The report has noted that there are no deviations in the design and the flyover is safe for use if a speed of 40 kmph is maintained.

Expert panel says no flaw in Biodiversity flyover design recommends safety measures
news Flyover mishap Thursday, December 19, 2019 - 08:36

The panel of four experts formed to check the construction and design of Hyderabad’s Biodiversity flyover has given a clean chit and said there is no flaw in its design. The panel has recommended rumble strips, cutters, signages and side barriers as safety measures to avoid over-speeding.

The flyover was closed down in November after a car went off the flyover due to over speeding and crashed onto the road below, killing a woman and injuring several other people who were standing below. The accused, Milan Krishna Rao, was driving his car at a speed of 104 kmph, but had claimed that the design of the flyover had caused his car to go off the road.

According to reports, the report given to GHMC will be sent to the state government, which will then deliberate on the opening of the flyover.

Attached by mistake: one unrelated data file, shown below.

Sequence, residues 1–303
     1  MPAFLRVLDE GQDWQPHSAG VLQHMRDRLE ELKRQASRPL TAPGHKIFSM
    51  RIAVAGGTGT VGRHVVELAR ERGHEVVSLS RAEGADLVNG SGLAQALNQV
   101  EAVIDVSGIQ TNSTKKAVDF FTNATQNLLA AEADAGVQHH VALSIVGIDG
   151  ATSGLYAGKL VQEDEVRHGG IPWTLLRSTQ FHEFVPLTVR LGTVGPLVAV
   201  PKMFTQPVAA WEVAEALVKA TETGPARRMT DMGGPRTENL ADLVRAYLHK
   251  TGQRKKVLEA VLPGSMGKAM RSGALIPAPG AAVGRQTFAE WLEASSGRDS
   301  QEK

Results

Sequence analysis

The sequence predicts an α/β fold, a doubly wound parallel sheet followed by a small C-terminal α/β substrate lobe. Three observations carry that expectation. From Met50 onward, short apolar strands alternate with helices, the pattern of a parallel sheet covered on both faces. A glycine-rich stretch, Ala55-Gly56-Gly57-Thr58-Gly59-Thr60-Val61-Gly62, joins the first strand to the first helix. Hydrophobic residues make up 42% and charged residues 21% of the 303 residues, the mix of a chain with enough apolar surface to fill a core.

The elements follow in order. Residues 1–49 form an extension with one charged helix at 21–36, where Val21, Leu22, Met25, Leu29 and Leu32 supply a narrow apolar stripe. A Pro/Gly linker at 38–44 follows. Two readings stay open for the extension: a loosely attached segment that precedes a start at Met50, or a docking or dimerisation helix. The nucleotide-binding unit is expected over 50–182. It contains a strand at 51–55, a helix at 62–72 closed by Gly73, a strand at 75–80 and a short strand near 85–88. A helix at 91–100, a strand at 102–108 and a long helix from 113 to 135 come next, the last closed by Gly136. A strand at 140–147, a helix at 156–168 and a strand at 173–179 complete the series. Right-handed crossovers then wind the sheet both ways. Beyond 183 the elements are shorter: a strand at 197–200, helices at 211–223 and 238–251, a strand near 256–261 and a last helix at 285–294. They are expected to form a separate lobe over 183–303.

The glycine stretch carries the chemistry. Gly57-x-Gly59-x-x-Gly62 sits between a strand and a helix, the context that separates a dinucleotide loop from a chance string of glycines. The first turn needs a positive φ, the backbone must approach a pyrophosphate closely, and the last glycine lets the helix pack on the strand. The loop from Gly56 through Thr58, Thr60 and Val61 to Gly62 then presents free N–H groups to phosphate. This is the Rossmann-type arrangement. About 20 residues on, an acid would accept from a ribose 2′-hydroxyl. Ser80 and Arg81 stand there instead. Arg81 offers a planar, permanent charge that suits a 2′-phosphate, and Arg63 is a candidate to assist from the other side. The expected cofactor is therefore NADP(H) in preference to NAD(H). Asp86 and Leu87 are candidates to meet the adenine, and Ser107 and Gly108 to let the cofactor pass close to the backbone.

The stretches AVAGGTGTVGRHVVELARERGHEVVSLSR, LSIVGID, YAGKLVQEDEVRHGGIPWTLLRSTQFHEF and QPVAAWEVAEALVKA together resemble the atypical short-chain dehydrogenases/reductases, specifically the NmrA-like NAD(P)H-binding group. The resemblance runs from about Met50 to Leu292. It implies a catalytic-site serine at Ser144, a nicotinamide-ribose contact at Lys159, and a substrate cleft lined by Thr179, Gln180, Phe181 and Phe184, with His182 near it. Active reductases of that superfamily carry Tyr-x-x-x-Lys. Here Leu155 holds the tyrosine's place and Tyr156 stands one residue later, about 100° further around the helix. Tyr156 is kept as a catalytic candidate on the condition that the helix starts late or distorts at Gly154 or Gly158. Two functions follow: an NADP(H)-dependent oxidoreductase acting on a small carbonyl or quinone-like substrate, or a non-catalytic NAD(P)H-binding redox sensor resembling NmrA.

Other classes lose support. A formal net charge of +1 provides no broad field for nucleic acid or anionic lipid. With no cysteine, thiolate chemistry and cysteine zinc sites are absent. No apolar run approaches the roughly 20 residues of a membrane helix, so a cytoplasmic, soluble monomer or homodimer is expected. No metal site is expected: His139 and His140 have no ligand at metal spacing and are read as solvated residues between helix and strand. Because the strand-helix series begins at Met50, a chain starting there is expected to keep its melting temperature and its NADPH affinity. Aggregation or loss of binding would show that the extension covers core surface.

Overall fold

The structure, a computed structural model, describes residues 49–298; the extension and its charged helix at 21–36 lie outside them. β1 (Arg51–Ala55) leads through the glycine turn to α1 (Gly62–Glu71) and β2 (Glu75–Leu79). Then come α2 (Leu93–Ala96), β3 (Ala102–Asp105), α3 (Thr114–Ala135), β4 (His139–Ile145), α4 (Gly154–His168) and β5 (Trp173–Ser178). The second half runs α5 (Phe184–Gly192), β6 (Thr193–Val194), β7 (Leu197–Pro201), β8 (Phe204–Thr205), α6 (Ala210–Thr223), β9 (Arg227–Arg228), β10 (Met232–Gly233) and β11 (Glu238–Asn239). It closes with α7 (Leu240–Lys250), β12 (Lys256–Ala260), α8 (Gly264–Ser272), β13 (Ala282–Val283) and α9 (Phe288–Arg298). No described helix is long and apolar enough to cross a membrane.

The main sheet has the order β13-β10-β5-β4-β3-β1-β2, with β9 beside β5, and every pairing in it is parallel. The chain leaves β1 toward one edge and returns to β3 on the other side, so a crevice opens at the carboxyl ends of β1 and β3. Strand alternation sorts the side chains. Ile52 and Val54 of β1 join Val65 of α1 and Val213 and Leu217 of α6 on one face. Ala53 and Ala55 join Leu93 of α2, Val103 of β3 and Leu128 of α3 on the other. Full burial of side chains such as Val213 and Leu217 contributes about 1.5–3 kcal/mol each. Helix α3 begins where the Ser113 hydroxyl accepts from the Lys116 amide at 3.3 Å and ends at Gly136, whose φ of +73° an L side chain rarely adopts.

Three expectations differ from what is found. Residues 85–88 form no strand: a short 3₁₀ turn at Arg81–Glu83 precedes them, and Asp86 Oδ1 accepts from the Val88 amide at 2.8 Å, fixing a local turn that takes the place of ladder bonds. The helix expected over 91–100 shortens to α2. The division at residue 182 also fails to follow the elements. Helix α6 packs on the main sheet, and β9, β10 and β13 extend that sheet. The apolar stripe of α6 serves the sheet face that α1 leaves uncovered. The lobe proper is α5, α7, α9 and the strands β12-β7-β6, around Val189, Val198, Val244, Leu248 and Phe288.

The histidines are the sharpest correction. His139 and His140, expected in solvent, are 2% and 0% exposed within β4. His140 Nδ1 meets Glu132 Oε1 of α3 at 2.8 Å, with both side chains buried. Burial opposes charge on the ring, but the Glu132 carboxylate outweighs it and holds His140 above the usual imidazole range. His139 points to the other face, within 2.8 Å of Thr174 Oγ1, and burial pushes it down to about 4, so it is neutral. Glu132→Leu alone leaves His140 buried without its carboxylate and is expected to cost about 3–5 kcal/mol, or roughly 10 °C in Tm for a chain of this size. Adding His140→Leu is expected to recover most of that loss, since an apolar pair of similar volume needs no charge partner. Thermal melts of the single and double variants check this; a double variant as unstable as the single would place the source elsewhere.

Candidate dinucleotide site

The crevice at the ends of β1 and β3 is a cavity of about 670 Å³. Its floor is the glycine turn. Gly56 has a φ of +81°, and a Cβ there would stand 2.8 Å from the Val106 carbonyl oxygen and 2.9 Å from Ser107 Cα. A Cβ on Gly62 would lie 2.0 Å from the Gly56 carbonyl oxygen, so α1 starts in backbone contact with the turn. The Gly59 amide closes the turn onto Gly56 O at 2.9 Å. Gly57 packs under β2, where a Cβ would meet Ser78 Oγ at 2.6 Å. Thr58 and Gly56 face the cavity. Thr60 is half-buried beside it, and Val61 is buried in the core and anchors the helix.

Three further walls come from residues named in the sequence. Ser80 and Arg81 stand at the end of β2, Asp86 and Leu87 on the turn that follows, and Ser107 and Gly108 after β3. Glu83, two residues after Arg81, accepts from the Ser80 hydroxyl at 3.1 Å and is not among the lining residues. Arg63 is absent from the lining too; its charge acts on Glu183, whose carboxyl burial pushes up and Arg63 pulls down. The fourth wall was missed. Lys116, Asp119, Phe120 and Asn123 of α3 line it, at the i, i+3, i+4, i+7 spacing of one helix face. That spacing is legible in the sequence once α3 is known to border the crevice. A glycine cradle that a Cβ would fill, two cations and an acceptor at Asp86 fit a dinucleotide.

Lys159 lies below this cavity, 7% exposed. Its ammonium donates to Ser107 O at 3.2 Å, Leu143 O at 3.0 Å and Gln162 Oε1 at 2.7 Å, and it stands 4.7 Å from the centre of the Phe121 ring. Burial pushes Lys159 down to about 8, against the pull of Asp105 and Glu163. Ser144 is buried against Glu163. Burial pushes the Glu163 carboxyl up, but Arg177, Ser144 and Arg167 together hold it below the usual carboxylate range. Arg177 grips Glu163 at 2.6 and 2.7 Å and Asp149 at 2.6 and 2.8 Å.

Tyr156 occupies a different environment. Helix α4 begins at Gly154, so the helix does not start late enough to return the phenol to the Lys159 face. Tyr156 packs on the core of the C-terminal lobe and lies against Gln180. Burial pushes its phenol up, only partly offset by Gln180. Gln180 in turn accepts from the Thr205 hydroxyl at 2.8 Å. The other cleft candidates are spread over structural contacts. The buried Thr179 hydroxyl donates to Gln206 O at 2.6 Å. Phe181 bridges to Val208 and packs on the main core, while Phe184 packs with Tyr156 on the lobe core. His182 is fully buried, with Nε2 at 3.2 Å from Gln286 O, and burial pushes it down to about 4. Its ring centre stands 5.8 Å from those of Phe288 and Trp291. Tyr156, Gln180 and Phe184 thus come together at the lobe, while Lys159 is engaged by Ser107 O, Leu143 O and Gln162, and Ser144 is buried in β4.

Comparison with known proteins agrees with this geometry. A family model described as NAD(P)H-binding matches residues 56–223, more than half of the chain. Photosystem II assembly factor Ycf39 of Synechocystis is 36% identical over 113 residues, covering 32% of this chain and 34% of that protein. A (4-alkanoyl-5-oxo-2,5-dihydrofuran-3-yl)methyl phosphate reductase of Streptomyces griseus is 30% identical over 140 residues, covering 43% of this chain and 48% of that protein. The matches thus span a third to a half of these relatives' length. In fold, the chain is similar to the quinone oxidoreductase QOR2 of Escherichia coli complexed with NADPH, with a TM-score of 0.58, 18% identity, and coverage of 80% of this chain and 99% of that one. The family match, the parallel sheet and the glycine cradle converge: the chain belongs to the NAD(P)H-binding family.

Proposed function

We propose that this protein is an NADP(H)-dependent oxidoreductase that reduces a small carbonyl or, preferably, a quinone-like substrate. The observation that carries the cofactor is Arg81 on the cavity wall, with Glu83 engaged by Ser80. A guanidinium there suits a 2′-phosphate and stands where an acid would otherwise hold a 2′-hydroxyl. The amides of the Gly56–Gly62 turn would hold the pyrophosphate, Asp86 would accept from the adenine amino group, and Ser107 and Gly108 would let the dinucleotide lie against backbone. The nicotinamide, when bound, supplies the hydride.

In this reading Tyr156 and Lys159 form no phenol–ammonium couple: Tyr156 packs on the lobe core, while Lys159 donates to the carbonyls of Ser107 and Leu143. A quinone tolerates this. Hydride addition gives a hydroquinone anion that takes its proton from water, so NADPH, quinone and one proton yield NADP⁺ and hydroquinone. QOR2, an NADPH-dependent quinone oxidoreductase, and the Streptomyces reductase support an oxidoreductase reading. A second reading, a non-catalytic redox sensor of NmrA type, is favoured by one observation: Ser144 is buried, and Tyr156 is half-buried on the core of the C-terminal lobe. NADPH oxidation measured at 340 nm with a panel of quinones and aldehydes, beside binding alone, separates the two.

“Administrative and technical sanctions for the flyover were taken for 40 kmph and it was based on the sanctions that the flyover was designed and built,” GHMC Commissioner DS Lokesh Kumar told media on Wednesday.

According to reports in Deccan Chronicle, the flyover will be opened to the public in the next ten days.

The expert panel in its report has noted that there are no deviations in the construction of the flyover from its plan and that the flyover is safe for use if the speed of 40 kmph is maintained.

“Around 540 people have been penalised so far for over speeding on the flyover. There will be continuous monitoring of vehicular speed. Measures to control and catch who cross the limit will be put in place,” GHMC commissioner added.

The expert committee has also suggested setting up view cutters, which are sheets of metal or asbestos that will stop motorists from peering at things around the flyover. The civic body is also mulling plans to have barricades in a zigzag manner on the flyover, during non-peak hours, so as to prevent speeding.